Frequency is not well documented. Of 2 predominant Guillain-Barré syndrome subtypes, a demyelinating subtype (AIDP) predominates in the United States and Europe, and axonal subtype (AMAN) is the predominant form in China. Previous clinical studies suggested that AMAN also occurs in Mexican children.[4] Similar outbreaks have been reported in Mexico, Spain, and Jordan.


In 3 recent large studies, mortality rate ranged from 2-6%.


Acute inflammatory demyelinating polyneuropathy occurs in all races and in all regions of the world.


The male-to-female ratio is 1.1-1.7:1.


Patients have ranged in age from 2 months to 95 years.



A detailed physical examination can help support the diagnosis of acute inflammatory demyelinating polyneuropathy and/or exclude disorders in the differential diagnosis.


Acute inflammatory demyelinating polyneuropathy is thought to be caused by a dysregulated immune response against myelin. This response may be triggered by several illnesses and conditions. Two thirds of patients with AIDP recall an antecedent upper respiratory or gastrointestinal infection or syndrome from 1-6 weeks prior to the onset of weakness.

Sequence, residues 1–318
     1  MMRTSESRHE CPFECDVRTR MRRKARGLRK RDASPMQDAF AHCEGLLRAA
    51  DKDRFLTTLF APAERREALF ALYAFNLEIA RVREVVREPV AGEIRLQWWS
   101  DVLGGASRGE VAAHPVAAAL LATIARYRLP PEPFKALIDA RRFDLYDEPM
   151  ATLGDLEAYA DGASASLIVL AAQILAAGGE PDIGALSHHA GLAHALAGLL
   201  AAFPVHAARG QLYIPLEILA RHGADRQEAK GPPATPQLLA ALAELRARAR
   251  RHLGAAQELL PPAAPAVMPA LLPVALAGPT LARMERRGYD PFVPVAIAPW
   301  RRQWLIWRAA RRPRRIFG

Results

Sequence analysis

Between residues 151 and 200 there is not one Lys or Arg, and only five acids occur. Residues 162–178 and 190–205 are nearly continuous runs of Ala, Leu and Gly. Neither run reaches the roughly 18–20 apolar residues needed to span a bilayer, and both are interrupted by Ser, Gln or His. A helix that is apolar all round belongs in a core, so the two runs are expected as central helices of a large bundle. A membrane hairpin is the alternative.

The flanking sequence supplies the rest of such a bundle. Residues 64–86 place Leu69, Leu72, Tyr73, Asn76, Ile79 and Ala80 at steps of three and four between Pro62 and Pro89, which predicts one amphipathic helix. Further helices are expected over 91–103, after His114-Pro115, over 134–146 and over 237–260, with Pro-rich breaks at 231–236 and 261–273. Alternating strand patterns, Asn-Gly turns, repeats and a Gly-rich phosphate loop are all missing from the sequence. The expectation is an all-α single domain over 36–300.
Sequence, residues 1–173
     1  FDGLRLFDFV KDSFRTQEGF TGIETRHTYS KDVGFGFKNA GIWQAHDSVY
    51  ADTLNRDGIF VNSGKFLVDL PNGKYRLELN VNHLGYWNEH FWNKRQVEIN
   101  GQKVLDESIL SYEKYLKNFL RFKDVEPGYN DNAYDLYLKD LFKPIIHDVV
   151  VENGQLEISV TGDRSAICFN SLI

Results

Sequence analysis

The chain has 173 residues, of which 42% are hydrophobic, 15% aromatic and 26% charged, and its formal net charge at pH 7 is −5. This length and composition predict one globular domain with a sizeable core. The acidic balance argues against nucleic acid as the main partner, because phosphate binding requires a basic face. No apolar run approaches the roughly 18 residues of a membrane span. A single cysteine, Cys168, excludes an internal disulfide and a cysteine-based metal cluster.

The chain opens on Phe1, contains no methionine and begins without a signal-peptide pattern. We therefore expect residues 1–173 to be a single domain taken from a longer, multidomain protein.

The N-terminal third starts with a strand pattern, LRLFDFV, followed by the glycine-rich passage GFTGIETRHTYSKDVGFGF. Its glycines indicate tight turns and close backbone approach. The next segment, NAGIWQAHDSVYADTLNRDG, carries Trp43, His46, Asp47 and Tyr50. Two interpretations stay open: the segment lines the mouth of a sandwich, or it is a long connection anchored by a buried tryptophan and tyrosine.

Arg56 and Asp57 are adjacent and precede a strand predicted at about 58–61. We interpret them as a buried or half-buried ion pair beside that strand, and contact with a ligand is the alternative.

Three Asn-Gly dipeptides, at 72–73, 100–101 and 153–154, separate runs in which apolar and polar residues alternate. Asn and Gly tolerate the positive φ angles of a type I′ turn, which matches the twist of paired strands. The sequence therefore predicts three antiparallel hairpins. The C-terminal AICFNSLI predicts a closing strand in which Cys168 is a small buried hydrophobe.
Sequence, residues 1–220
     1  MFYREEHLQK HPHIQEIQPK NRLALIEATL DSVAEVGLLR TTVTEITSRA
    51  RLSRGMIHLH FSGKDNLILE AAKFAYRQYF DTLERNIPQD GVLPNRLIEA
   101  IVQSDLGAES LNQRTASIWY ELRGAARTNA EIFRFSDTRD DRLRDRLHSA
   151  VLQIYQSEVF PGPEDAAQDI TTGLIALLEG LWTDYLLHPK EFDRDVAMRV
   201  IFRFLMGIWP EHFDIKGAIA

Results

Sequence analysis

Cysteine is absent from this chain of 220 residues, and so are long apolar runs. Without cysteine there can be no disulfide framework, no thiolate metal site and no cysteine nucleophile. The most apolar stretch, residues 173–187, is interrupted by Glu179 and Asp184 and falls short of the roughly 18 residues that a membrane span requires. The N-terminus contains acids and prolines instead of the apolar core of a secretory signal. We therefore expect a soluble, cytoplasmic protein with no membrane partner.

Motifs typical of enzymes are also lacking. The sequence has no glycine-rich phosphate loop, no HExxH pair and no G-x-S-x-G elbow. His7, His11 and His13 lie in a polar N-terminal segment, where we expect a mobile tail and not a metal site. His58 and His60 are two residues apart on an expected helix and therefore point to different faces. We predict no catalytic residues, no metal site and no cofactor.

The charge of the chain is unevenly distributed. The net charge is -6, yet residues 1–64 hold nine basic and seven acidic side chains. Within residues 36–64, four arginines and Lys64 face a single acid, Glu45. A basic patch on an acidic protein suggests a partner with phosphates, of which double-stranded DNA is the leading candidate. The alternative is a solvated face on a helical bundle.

Laboratory Studies

Imaging Studies

Other Tests


Lumbar puncture is performed to obtain CSF for analysis (see Lab Studies).

Histologic Findings

Nerve biopsy is seldom required to diagnose acute inflammatory demyelinating polyradiculoneuropathy. However, in patients with prolonged clinical courses, histologic examination can help to differentiate CIDP from AIDP. Nerve biopsies in AIDP show an inflammatory infiltrate during the first few days.

Later on, macrophages are seen, sometimes with myelin stripping. Axons are usually spared. Under electron microscopy, macrophages (which are stripping myelin) are seen beneath the basement membrane and are usually advancing along the minor dense line.